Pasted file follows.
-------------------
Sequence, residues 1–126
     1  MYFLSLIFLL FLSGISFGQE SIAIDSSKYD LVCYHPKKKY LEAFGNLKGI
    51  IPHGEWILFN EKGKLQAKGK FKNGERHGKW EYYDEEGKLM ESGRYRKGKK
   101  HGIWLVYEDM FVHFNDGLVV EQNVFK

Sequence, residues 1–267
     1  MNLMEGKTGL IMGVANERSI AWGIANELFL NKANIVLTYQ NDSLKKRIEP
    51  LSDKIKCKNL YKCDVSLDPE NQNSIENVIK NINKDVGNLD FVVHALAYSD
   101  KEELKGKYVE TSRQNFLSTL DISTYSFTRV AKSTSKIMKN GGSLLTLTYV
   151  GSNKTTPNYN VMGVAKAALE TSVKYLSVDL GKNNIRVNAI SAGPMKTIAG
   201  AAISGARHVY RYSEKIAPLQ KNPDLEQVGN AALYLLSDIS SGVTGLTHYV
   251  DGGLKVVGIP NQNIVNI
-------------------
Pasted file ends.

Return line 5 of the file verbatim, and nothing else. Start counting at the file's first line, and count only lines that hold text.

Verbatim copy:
Sequence, residues 1–267